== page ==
THE NEW WORKER is saddened by the death of Tony Benn, a political giant of the Labour Left who worked tirelessly for many decades for the causes of the working class, peace and internationalism.
He was born in 1925 into a political family; his father William Wedgewood Benn was a Liberal MP who crossed the floor to become a Labour MP in 1928 and became Secretary of State for India. In 1941 William Wedgewood Been was given a peerage by the war Coalition government.
Two years later in July 1943 the young Tony Wedgewood Benn joined the RAF first as an aircraftman and was then given an emergency commission and became a pilot.
After the war he entered politics, becoming an MP in 1950 and then having to fight to reject inheriting his father’s peerage because he wanted to stay in the House of Commons. In the end he won a change in the law, the Peerage Act of 1963, which enabled him to remain an MP.
Tony Benn served as Post Master General in Harold Wilson’s government from 1964 to 1970 where he oversaw the opening of the Post Office Tower, and later as Minister of Technology during Wilson’s “White heat of technology” period.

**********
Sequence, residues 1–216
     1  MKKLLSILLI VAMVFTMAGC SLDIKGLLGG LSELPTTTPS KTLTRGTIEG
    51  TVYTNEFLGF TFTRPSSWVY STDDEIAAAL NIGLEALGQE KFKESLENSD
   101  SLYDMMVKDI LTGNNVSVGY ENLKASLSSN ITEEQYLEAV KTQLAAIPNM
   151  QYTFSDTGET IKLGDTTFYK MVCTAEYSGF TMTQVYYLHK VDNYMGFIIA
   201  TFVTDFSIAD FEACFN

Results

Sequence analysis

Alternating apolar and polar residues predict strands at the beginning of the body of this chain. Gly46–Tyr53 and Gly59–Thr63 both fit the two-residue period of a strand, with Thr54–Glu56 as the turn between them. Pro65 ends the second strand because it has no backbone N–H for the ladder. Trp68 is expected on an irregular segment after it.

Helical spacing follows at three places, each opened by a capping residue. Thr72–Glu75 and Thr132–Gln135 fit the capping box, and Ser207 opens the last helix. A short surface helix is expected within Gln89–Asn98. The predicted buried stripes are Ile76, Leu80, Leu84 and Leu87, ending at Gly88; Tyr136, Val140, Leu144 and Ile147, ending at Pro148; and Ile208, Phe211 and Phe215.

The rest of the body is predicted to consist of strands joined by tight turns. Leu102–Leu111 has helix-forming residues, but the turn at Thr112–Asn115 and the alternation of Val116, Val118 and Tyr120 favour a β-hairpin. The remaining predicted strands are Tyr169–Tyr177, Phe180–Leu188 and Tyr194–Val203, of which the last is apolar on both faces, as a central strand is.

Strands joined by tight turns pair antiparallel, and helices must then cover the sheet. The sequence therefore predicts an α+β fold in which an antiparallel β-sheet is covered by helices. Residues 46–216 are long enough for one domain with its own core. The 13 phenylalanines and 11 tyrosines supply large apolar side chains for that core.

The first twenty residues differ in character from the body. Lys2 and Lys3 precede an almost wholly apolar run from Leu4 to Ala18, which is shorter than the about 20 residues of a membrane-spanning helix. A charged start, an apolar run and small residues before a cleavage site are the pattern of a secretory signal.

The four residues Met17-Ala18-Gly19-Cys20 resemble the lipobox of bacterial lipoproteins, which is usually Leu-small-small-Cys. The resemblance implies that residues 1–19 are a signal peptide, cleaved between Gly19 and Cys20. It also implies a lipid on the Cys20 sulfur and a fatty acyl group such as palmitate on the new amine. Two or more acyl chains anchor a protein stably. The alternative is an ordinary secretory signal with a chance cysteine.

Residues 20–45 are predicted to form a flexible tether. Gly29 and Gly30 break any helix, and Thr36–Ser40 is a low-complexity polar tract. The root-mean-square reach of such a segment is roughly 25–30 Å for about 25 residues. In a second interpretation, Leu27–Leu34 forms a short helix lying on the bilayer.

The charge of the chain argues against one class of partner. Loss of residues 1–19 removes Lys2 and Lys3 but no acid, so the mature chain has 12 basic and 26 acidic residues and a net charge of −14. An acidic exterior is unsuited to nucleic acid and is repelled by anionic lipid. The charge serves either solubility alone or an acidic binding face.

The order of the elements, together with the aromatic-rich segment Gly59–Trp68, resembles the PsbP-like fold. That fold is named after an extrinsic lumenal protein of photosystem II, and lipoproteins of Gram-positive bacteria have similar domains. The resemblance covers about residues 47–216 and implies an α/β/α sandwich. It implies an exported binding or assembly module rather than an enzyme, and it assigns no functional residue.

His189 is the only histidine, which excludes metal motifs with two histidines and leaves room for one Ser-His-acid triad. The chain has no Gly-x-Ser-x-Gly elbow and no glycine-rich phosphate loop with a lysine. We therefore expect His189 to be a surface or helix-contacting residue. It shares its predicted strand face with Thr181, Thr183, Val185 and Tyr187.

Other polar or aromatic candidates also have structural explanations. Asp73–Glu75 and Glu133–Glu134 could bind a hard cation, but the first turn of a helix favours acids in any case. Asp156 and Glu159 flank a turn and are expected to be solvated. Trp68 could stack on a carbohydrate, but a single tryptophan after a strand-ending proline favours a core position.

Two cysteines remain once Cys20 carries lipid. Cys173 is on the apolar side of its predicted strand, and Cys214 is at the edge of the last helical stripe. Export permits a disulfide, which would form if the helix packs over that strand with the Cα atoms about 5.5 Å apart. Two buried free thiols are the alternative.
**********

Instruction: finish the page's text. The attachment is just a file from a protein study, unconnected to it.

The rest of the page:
As Benn aged he became more and more left wing — just the opposite of most Labour MPs who all too easily take the opportunist path to career advancement at the expense of their principles. During that time he reversed his attitude to nuclear power and was always the first to admit when he had got something wrong
He was a man of immense integrity, which won his great respect and a great campaigner on dozens of vital working class issues. He has helped to keep the ideas of social justice alive in an era when these things are derided by the media and culture of the ruling class and been an inspiration to young people.
His death, like that of Bob Crow last week, is a serious loss to the working class in Britain and internationally. We call on comrades, and especially younger comrades, to redouble efforts to fill the gaps and take the movement forward. The strength of our class is in its numbers but that strength can only be exerted through collective organisation. So we must organise, organise, organise!